Offseason Prospect Overview: Cole Roederer

Cole Roederer (photo by Rikk Carlson)

Cole Roederer (photo by Rikk Carlson)

Season Review


After setting the AZL on fire during his 2018 pro debut, expectations were sky high for Cole Roederer heading into 2019. The organization showed confidence in him by installing the 19-year old as the everyday centerfielder for South Bend coming out of spring training. Many fans were expecting big numbers once again, but the Midwest League can be tough on any hitter, let alone a teenager. There were also some warning signs from 2018 where his contact rates and production faltered late that were masked in his overall numbers because of his red hot start and the small sample nature of short season ball. He would be susceptible to similar peaks and valleys throughout the 2019 season, and in the more difficult hitting environment his numbers suffered.

But don’t be fooled into thinking Cole Roederer’s 2019 was a disappointment. It was the expectations that were what were out of whack. His .224/319/.365 line doesn’t look impressive but it actually translates into league average production, while his 16 SB were 7th among all teenagers in the league and his team-leading 9 HR were the T-4th. The youngster also impressed with his ability to range into the gaps while patrolling the outfield.


His skills were obvious. Roederer is not a big guy by any stretch, but he generates impressive bat speed and his hands and wrists are strong enough to drive the ball to all fields. When he barrels the ball he is capable of exit velocities above 100 MPH and there is still some room on his frame to add more muscle. He’s never going to be a monster, but the Andrew Benintendi pre-draft comps are still viable. Roederer can develop into a 20 HR threat.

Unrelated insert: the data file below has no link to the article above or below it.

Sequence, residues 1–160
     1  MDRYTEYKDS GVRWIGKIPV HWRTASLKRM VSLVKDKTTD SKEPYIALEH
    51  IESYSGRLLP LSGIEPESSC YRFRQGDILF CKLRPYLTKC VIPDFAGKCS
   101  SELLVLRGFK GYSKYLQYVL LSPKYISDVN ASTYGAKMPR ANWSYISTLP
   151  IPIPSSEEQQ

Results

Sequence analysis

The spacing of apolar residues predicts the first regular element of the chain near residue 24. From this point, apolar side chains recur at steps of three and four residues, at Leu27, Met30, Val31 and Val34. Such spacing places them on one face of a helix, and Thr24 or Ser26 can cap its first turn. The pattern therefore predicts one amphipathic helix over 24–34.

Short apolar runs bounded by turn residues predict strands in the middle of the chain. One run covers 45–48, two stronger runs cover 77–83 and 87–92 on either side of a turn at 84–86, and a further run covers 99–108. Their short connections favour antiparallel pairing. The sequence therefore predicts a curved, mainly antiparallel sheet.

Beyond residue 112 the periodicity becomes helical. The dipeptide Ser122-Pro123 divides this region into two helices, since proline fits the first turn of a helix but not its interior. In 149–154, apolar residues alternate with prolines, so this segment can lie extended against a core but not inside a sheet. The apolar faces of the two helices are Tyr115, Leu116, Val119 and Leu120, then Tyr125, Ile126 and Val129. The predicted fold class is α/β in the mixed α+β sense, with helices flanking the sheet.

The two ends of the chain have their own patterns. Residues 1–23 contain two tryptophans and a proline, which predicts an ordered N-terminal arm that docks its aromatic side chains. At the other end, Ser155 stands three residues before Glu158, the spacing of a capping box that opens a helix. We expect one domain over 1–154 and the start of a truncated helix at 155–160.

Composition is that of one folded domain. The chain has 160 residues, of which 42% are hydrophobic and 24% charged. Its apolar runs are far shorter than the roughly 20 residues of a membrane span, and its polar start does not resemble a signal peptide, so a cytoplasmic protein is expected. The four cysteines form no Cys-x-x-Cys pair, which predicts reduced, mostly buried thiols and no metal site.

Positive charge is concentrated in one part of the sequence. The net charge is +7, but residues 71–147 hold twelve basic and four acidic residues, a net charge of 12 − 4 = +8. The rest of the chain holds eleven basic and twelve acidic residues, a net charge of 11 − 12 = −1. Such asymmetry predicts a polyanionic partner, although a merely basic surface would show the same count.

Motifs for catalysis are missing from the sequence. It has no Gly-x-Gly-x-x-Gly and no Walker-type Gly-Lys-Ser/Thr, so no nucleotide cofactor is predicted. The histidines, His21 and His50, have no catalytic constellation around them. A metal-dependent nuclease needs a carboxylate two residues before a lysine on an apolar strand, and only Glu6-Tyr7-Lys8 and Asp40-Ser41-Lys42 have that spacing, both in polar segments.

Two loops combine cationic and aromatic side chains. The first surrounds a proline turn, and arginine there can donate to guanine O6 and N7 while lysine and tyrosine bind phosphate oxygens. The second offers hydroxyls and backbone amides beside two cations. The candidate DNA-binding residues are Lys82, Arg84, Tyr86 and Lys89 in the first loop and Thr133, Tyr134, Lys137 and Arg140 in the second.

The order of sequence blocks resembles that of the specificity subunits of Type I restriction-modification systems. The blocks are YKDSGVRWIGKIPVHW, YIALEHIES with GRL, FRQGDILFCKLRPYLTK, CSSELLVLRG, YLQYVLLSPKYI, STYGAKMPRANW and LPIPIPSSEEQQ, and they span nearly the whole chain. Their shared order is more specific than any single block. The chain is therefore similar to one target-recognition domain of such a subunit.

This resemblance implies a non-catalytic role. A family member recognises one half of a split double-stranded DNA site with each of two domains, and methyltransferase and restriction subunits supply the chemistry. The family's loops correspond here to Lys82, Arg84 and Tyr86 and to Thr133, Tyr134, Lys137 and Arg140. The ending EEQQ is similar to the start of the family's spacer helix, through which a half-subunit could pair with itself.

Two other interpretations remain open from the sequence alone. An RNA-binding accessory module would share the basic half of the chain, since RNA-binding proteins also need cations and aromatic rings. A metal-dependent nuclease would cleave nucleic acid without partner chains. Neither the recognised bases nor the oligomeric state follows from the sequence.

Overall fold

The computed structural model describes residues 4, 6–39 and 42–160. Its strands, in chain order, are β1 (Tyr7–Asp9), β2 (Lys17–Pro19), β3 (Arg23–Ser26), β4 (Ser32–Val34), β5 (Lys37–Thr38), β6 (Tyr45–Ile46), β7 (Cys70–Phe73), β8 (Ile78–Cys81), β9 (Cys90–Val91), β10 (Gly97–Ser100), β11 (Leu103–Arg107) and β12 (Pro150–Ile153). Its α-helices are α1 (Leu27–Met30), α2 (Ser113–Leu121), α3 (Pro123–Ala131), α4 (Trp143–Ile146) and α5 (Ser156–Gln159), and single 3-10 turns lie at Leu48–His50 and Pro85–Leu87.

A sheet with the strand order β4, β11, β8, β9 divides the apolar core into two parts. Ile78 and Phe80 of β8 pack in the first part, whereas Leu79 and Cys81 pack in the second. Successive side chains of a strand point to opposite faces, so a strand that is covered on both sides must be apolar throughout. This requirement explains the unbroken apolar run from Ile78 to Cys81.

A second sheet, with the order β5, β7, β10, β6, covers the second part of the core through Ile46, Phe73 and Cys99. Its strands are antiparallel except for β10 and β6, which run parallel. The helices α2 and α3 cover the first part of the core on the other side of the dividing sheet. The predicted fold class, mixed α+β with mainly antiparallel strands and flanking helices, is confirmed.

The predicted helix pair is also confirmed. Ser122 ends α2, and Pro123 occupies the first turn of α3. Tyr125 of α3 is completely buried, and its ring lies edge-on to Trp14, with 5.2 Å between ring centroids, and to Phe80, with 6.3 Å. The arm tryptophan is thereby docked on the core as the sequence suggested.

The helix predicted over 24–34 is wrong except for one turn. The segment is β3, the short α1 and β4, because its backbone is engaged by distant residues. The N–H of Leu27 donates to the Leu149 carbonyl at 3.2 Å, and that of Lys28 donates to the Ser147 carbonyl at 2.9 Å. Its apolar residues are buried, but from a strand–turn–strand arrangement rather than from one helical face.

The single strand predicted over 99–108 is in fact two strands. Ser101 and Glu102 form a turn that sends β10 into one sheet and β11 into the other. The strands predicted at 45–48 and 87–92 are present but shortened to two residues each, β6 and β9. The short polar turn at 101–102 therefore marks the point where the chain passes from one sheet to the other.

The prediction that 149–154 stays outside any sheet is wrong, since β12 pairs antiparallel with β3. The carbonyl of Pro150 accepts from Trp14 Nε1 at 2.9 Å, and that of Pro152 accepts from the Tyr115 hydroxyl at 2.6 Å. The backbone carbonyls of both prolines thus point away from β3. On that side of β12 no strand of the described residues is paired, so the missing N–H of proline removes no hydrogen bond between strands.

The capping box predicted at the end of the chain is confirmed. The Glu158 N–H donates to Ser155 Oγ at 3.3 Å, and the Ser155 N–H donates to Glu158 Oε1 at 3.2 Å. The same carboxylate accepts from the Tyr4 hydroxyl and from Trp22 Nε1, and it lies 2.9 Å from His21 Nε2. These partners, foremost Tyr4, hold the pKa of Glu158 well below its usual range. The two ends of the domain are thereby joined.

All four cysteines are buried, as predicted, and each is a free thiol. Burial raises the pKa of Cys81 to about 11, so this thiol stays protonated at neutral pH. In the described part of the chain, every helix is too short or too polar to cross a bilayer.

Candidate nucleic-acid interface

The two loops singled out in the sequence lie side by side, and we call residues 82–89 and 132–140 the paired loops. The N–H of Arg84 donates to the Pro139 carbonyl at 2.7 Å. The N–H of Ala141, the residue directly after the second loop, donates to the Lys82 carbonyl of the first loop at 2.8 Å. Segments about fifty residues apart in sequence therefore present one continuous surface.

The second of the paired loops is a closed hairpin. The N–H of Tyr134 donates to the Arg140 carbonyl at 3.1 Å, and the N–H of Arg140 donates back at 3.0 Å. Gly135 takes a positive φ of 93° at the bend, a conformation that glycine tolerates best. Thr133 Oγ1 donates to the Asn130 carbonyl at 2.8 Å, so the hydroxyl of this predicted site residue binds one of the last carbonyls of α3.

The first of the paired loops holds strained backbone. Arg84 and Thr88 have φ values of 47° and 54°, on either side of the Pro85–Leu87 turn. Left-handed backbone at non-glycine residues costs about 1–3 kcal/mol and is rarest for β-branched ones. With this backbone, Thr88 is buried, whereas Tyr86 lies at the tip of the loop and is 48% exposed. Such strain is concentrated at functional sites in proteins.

He also offers value on the basepaths on top of the power. Roederer swiped 16 bags in 21 tries. His top speed is only a tick above average but his effectiveness is driven by good jumps and acceleration. His instincts as a base stealer are solid. Unless he physically grows beyond what I expect he should retain enough speed to match his basestealing output to his power numbers.

How much of an impact Roederer will make will be tied closely to whether he remains viable in centerfield. Those same instincts and jumps on the basepaths translate to his defense as well which allows him to cover sufficient ground in the alleys. He won’t be a Gold Glover out there but he should be able to stick.

His sub par arm is the one concern. Not only do his throws have no carry, but he currently struggles to get himself into good position prior to catching the ball, which leads to him taking too long to gather and get off a throw. If he doesn’t work on getting the ball out of his hand more quickly opposing teams will run on him at will and it could force him to left.


Consistency issues at the plate with a teenager in the Midwest League are to be expected and Roederer was certainly susceptible to slumps. I don’t concern myself with that right now though. He’s shown himself to be a hard worker with instincts in multiple facets of the game so there is plenty of reason to believe he’ll make strides as he gains experience. His eye and overall plate discipline are strong for his age so his two-strike production should improve.

I already covered my worry about his arm strength above, so I will move on to what gives me pause in regards to his offensive game: the extent to which left-handed pitchers ate him up. He gets very pull happy (66.7%) and he has shown no ability to hit the ball with authority against them at this point in his career (.046 ISO in 2018, .030 in 2019). He’ll need to develop a similar all-fields approach to the one he uses against righties. One silver lining is that his eye remains solid against them so he at least has a strong base to build off. There is still a lot of time for Roederer to make strides but the potential of being limited to a platoon role is something we need to track moving forward on his developmental path.


There is plenty to be excited about with Roederer. He can impact a game with a home run, a stolen base or by running down a ball in an outfield gap. He may have some limitations (arm, platoon concerns) but he has the tools to one day patrol the Wrigley Field outfield on a regular basis.

For a taste of what he can do when he is locked in:

2020 Outlook

The Midwest League is tough on hitters, but so is the Carolina League. Myrtle Beach in particular suppresses power numbers. So don’t expect a breakout statistical season from Roederer in 2020. If he manages to reach double digit homers it should be considered a success.

I’ll be focused on his approach against lefties and whether he can improve his contact rates now that he has a full year under his belt. Improvements in either area will be a big boost to his future outlook.